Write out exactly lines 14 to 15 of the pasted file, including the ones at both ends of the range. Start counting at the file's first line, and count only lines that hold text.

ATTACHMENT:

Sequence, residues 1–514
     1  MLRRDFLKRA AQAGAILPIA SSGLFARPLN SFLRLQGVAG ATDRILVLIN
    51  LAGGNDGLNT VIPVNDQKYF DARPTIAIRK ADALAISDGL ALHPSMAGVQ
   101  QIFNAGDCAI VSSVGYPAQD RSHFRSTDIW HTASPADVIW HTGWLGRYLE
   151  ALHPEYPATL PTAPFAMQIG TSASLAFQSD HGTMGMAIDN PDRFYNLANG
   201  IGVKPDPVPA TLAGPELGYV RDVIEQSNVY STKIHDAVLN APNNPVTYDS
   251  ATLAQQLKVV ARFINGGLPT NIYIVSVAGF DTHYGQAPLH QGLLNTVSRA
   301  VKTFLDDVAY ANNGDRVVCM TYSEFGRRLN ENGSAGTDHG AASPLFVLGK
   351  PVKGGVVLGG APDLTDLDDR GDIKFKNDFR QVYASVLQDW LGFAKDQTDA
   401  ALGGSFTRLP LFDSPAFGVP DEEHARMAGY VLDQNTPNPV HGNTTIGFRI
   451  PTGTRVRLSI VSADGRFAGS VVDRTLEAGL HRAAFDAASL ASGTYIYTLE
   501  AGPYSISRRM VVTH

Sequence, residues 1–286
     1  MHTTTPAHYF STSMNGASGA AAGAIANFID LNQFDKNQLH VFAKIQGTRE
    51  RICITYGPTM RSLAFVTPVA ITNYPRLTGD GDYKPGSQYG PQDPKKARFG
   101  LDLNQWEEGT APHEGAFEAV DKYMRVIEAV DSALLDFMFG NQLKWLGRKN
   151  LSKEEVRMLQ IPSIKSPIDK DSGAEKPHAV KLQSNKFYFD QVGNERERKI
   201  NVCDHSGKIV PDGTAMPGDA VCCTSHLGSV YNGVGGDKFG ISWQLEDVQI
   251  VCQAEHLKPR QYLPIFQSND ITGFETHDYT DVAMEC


     1  MHTTTPAHYF STSMNGASGA AAGAIANFID LNQFDKNQLH VFAKIQGTRE
    51  RICITYGPTM RSLAFVTPVA ITNYPRLTGD GDYKPGSQYG PQDPKKARFG